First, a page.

Letting Users Set the Business Tech Agenda Mon 07 May 07

A couple of items in a  recent article at Information Week called "IT Departments Will Set Less Of The Business Tech Agenda, Survey Suggests" caught my attention. 

"Business users want more innovative software faster and will bypass the IT department if necessary to get it."

"In some cases, the research also shows IT organizations turning a blind eye when business units take risks with smaller, more innovative approaches to software."

No doubt this is a worrisome trend for many in IT.  We sit back and say sure the centralized, integrated approach may take a little longer but if we do it we can have better information, we can have a more complete insight to our customers, we can . . ., we can. . ., we can . . .

Frogs_mstresbabett_2 What this brings to mind is the old riddle about 4 frogs sitting on a log. 

Q. Four frogs are sitting on a log.  Three frogs decide to jump off.  How many frogs are left on the log?

A. Four frogs.  Deciding to do something and actually doing it are not the same thing.

Likewise, software that can provide what is needed is not the same as software that does provide what is needed.

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IT Governance: Issues and Opportunities Mon 02 Apr 07

Scales_3I recently ran across a report by PriceWaterhouseCoopers (PWC) called IT Governance in Practice, Insight from leading CIOsThey interviewed 47 CIO from around the world with what was considered to be mature IT governance processes in place.  The reasons given for implementing an IT governance processes frequently included:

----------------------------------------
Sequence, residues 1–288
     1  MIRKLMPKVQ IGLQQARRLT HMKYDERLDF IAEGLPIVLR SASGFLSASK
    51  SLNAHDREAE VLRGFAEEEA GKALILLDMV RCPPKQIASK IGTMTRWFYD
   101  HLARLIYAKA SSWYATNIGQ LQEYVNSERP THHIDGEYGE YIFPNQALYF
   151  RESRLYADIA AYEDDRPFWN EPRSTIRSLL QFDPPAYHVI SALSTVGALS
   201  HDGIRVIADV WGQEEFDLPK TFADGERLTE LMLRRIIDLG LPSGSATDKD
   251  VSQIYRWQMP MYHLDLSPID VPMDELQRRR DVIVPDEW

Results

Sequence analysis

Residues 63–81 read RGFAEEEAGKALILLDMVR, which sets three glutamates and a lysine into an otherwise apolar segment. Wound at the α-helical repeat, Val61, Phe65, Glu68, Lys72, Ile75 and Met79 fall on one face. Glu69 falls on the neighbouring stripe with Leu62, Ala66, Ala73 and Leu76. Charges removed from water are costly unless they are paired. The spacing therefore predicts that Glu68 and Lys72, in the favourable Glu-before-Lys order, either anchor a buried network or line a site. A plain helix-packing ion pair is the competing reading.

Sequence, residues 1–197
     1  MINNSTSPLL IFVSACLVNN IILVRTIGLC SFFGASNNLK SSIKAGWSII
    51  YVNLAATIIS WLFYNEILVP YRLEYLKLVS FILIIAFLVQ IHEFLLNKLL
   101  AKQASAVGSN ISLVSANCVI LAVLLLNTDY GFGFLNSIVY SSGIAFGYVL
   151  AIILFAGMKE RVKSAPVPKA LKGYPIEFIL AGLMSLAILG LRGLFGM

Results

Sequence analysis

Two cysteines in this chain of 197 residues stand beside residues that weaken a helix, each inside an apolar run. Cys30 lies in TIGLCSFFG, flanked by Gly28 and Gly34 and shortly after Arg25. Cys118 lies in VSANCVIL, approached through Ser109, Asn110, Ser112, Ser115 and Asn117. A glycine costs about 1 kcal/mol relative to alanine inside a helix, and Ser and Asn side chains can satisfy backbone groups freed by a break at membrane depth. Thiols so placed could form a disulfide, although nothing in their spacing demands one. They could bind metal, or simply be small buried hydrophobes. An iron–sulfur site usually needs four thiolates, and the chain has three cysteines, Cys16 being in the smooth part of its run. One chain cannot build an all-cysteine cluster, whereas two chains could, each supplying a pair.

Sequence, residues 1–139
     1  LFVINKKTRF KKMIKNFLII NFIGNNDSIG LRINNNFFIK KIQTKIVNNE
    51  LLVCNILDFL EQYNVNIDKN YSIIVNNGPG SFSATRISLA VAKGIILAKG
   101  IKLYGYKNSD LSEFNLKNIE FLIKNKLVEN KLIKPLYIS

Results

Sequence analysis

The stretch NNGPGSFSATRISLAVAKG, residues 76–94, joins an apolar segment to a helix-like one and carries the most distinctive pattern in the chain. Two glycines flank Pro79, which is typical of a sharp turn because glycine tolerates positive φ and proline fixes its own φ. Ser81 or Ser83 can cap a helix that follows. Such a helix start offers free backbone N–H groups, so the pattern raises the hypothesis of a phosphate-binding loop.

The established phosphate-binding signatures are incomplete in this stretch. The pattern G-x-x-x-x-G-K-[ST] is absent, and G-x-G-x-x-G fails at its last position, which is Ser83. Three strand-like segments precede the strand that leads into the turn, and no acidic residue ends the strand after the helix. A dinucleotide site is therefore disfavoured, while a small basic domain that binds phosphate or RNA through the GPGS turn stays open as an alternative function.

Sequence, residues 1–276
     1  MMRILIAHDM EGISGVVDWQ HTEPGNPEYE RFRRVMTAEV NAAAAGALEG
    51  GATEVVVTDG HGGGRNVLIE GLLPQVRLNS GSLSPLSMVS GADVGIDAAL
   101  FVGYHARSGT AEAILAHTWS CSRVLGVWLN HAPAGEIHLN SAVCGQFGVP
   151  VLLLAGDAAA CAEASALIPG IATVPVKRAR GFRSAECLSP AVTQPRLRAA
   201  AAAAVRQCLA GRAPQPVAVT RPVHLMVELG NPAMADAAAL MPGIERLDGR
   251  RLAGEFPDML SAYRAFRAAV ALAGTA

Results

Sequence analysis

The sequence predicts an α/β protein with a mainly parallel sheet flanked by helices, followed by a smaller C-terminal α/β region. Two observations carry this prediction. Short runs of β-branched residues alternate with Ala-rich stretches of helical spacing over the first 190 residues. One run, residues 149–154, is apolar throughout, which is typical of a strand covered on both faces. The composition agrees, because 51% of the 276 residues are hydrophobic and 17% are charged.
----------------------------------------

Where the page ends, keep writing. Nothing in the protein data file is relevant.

• "Need for IT alignment (60% of the participants);
  • Regulatory pressure, e.g. Sarbanes-Oxley (40% of the participants);
  • IT Governance is a natural followon from Corporate Governance projects and is enforced by Board/Executive management or headquarters (53% of the participants);
  • An identified need for Performance Improvement, e.g. cost of IT, lack of effective solutions, efficiency gains (from a reduction in duplication) (56% of the participants); and
  • Improved risk management (37.5% of the participants)."

I don't expect that anyone is surprised by these results.  Fortunately, PWC doesn't stop at just telling us what we already know.  Also in the report is some useful information on obstacles to implementing an IT governance process and, perhaps most importantly some critical success factors.

Continue reading "IT Governance: Issues and Opportunities" »

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An Unexpected Obstacle to Forming a Business Analysis Group Fri 16 Feb 07

Yeahbut In the last post I talked about forming a Business Analysis group to provide a strategic service of helping the business operations to better utilize technology.  In talking about this concept with other people I was surprised to hear of one significant obstacle to implementing this.

A friend and fellow CIO was set to implement this concept.  He had support from top management and the business units and had started to interview candidates.  However under intense pushback from within the IT group he decided to postpone the implementation.

Sometime later I was talking to the president of a large company.  This president liked the concept but was concerned about the effect of it on the IT department.  To my surprise this president raised the same objection as my friend's IT staff had.  Wait a minute!  A company president and the IT staff having the same concern?  This seemed like a very unusual situation.